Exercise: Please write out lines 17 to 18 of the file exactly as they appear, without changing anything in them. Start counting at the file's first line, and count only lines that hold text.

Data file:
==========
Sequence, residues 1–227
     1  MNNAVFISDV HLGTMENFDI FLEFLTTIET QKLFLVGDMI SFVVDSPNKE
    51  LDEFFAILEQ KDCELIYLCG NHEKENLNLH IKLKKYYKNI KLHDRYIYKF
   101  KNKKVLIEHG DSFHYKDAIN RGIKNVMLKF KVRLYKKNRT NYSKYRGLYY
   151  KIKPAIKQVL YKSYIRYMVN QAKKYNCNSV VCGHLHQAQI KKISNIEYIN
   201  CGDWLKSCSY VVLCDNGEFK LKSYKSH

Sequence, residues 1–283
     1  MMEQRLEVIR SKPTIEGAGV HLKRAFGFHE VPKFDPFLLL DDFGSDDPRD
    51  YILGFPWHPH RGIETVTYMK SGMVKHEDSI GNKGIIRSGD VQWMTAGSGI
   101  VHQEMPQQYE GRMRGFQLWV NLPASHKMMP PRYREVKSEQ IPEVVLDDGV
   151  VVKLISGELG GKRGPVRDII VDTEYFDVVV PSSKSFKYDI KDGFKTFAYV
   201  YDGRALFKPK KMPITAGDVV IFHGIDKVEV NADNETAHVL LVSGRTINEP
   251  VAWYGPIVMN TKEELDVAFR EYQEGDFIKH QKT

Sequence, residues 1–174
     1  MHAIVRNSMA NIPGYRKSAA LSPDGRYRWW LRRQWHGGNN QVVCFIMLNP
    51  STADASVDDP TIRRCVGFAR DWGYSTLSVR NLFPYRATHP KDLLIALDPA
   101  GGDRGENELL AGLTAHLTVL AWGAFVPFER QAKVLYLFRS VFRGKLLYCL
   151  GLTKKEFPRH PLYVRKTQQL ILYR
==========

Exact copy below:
   101  GGDRGENELL AGLTAHLTVL AWGAFVPFER QAKVLYLFRS VFRGKLLYCL
   151  GLTKKEFPRH PLYVRKTQQL ILYR